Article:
April 7, 2011

Elida Rumsey Fowle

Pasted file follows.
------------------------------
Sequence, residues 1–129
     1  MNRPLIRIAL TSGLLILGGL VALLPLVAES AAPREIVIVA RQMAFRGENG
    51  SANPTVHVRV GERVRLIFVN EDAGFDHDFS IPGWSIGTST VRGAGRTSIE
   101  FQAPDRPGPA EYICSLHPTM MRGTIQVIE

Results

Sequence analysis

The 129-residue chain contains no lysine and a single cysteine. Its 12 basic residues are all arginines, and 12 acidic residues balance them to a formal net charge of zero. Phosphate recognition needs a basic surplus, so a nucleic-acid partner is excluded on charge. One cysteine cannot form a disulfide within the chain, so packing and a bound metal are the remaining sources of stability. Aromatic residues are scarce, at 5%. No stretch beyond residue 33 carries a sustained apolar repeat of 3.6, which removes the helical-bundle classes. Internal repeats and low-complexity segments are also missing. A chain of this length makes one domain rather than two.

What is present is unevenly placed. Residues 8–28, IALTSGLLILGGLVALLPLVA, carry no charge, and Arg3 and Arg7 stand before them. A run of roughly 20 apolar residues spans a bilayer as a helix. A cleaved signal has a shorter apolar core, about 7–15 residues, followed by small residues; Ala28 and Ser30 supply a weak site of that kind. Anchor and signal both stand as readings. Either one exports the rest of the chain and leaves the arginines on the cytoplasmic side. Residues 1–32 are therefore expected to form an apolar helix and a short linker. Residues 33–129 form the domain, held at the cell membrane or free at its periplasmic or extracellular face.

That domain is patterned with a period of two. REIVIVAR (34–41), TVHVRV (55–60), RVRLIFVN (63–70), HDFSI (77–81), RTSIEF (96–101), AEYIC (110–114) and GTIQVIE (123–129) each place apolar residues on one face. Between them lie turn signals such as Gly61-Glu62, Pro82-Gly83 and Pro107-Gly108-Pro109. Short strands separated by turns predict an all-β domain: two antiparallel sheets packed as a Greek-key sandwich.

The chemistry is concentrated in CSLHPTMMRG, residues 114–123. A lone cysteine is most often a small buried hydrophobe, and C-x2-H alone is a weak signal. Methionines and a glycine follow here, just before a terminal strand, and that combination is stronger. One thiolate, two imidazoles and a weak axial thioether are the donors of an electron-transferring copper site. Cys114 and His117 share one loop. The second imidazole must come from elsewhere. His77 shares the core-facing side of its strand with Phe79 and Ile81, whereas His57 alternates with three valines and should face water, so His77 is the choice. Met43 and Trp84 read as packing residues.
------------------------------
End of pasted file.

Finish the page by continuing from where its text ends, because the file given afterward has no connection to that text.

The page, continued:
Elida Rumsey Fowle (1843-1919) was known during the Civil War as the “Songbird of the North,” as she entertained Union soldiers with rousing patriotic songs, and is reputed to have been the first to sing in public Julia Ward Howe’s anthem “The Battle Hymn of the Republic.” The Rumseys had moved to Washington, DC from Tarrytown, New York in 1861, and Miss Rumsey gave informal concerts at her family’s home on Judiciary Square. Popular, she was one of a quartet asked to sing for Sunday services at the House of Representatives. It was here that she met her future husband, John Allan Fowle of Boston. After services, the two began to visit hospitals in the vicinity, giving religious tracts from the American Tract Society, and homemade jellies and cakes to recuperating Union soldiers. Many times, Elida was induced to sing such songs as “The Rebel Flags” and “The Dying Soldier Boy,” songs written by Fowle expressly for Elida Rumsey. After a short courtship, the two were married in the House of Representatives by Chaplain Alonzo Quint, the minister that held services there on Sunday mornings. They were married in 1863 with almost four thousand people attending their wedding. With members of Congress, the Senate and numerous Union soldiers who were recipients of their largess, it is still the only wedding to have taken place in the Congressional chambers. With a request from the gallery, Elida Rumsey Fowle stood on the desk of the Speaker of the House and sang “The Battle Hymn of the Republic.” Just after receiving their wedding guests, the Fowles went to the library they had worked so diligently to open in Washington, DC for the benefit of Union soldiers and known as the Soldiers Free Library. The Fowles had collected funds and books from numerous benefactors in the North. Among their friends was Eleanor Baker of Dorchester, who purchased fifty books herself, and enlisted the aid of her friends in Dorchester. The Fowles provided a place for soldiers on leave to find a quiet place, with stationary, pens and stamps to write letters to loved ones at home. Books, tracts and scrapbooks were among the literature available, and occasionally an impromptu concert filled the library with song. They built the library from a small collection into one of renown, and asked each soldier using the collection to sign a pledge to abstain from “profane language, from alcoholic drink, as a beverage, and from all other vices in the Army and Camp.” Their departure from Washington, DC in 1863 prompted a resolution to thank the couple for their work in Washington, with a Bible and photograph album being presented to them by their friends. After the Civil War, the Fowles went to Brooklyn, New York where John A. Fowle was in the wool brokerage trade. They remained there until 1877, when they moved to Dorchester, Massachusetts. They purchased a brick row house on Boston Street (now Columbia Road) across from the firehouse. In retirement, the Fowles remained active, with Mrs. Fowle founding the Wintergreen Club, a reading room in Upham’s Corner for children. She founded the “Grandchildren of the Veterans of the Civil War,” and became active in the Dorchester Historical Society, which was founded in 1891. Her husband wrote a short history of the Old North Burying Ground in Upham’s Corner, across from their home, in 1912 and the couple received greetings on the 50th wedding anniversary, which was celebrated in the Hall of Flags at the Massachusetts State House with over two thousand people in attendance. Their activities also included the raising of two daughters of Aunt Sally, a slave of Colonel Robert E. Lee. It was Aunt Sally that gave Mrs. Fowle a silver salver and a few pieces of china from Arlington House, the Lee home in Virginia, to keep for protection. A bond was developed between the two, and after the war the Fowles raised two of her children in the North, educating them in the north. Their stories and experiences of the Civil War and their own participation in the events of that time attracted a plethora of friends. Their vast collection of Civil War relics was deposited at the Blake House in Dorchester. Upon her death in 1919 she was buried at Forest Hills Cemetery; Mrs. Fowle was the last remaining member of the Nurses of the Civil War. With her went many of the firsthand memories of a full and active life that revolved around the Civil War. The Fowles are buried on Larch Avenue at Forest Hills Cemetery.

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